Twenty-five victims — gang members, drug users, a Toppenish father eating dinner with his family — have been killed this year in Yakima County. It's a bloody total unmatched since 1987, when the Yakima Valley drug trade was in full bloom.
YAKIMA — Twenty-five victims — gang members, drug users, a Toppenish father eating dinner with his family — have been killed this year in Yakima County. It’s a bloody total unmatched since 1987, when the Yakima Valley drug trade was in full bloom.
The only other year that has come close in recent times was 2005, when 24 homicides were reported.
Considering that gunfire — most of it gang-related — is reported across the county at least weekly, the number should be higher except for some combination of dumb luck, divine intervention, physics or modern medicine.
“We’re just lucky we don’t have twice as many homicides,” said county Coroner Jack Hawkins, whose cellphone rings with disturbing regularity late at night.
- Pursuit of big-money contract comes at a cost for Seahawks QB Russell Wilson
- As Puget Sound sweats, few air conditioners are cooling us down
- Ticket prices soar, then drop for World Cup
- Russell Wilson talks baseball, contract and other stuff on Jimmy Kimmel
- Rules preserving city views set up clash among towers competing to be first, biggest
Most Read Stories
From Yakima to Grandview, cops this year have needed Hawkins on average twice a month to oversee an autopsy that will record the number of gunshots, measure the knife wounds or define exactly how badly the victim was bludgeoned or choked.
In 2005, a 25th death was initially treated as a possible homicide.
That was because of the case of a Toppenish woman, whose corpse was found by a nosy dog weeks after she disappeared.
An extensive investigation never resolved how the woman arrived in the alfalfa field, but few people would mean to die there.
Sheriff Ken Irwin agreed that 2009 has been a bad year for violence, but he said the public should recognize that such streaks come and go.
“On the larger, longer view of it, you run into these spikes. They’re very tragic, but you know it will go back down for a variety of reasons,” Irwin said.
Irwin attributed the 2005 number to the popularity of methamphetamine and suggested that gangs are to blame this time around.
Police agencies across the county, social-service programs and community members are working to address the gang problem.
Gangs are historically linked to a large number of the county’s homicides — about a third this year. Drugs and domestic violence are the other major factors, although a random innocent victim enters the line of fire from time to time.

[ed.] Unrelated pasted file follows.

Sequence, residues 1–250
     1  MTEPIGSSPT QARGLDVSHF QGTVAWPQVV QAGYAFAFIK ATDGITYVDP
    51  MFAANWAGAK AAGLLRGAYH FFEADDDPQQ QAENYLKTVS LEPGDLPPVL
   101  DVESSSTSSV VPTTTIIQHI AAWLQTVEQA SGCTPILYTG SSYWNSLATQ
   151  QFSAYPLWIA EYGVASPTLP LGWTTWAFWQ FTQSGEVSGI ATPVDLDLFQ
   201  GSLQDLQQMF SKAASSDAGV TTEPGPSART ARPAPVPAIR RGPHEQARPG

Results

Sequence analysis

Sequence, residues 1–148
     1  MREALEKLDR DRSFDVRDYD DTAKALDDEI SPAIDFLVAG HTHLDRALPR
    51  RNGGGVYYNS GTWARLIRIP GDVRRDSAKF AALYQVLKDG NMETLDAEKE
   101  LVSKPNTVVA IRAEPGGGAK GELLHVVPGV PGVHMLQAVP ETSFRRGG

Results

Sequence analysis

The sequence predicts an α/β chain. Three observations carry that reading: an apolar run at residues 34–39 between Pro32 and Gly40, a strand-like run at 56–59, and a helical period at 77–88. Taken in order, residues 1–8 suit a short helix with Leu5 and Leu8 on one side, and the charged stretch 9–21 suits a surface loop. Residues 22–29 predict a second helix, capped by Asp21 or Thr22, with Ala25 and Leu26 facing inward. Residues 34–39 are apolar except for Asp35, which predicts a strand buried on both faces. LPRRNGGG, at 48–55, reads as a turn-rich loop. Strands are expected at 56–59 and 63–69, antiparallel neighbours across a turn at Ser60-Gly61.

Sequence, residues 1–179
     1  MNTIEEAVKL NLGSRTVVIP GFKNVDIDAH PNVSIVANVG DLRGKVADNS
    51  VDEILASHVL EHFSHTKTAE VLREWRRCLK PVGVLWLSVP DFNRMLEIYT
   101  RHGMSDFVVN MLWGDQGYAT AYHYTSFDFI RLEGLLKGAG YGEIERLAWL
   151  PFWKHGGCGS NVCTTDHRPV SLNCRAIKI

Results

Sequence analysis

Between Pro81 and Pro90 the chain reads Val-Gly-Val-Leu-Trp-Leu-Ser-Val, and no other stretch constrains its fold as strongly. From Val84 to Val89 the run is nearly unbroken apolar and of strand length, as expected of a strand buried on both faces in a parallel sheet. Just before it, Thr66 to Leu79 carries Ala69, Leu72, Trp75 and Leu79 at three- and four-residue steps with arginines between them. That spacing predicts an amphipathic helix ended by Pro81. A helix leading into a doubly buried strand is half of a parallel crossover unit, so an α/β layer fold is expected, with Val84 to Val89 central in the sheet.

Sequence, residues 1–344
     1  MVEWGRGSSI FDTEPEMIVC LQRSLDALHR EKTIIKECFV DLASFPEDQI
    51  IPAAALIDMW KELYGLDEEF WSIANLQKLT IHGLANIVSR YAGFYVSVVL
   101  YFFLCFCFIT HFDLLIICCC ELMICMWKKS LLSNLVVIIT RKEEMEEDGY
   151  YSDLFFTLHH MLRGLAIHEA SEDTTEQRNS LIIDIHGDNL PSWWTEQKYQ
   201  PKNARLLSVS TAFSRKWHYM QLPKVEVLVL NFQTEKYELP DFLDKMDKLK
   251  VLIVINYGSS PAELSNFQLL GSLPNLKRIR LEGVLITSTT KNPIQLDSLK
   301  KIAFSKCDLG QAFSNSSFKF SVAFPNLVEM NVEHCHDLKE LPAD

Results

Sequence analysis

One of Yakima’s 10 homicides was a self-defense case in which the intended victim pulled a gun on a robbery suspect who hit him in the head with a stick.
Besides the Yakima cases and two investigated by the sheriff’s office — one deemed self-defense, the other a Montana woman’s puzzling death on Interstate 82 — the rest of the county’s homicides took place in Lower Valley communities or rural parts of the county.
Police have made arrests or identified a suspect in 12 of the deaths.
But investigations continue, as demonstrated by the use of DNA this year to arrest a suspect in the 1987 death of a Lower Valley woman.
Irwin credited the Yakima County Violent Crime Task Force — launched this year with sheriff’s deputies, Yakima police and their federal counterparts, among others — with targeting bad guys.
“I can’t imagine how things would be going right now if we didn’t have that task force working so well,” he said.
Meanwhile, communities across the county are searching for ways to reduce the gang influence on their streets. Work continues on an initiative for caseworkers to meet with gang-involved families in the Outlook area in hopes of reducing their criminal activity.
A 2008 dispute in Outlook led to the stabbing death of a Sunnyside girl whose body wasn’t discovered until February in the Yakima River. Months later, an Outlook boy was arrested in connection with shooting at two sheriff’s deputies, wounding one of them. Investigators say witnesses reported he wanted to gain gang status by “flaming these two pigs.”
Despite budget cuts that recently forced a sheriff’s drug detective back to patrol, Irwin said he was hopeful that continued work by police and others would keep hammering away at the crime rate.
“You’ve got to keep moving. You can’t just bunker down and say, ‘We’ll let the bad guys come to us.’ “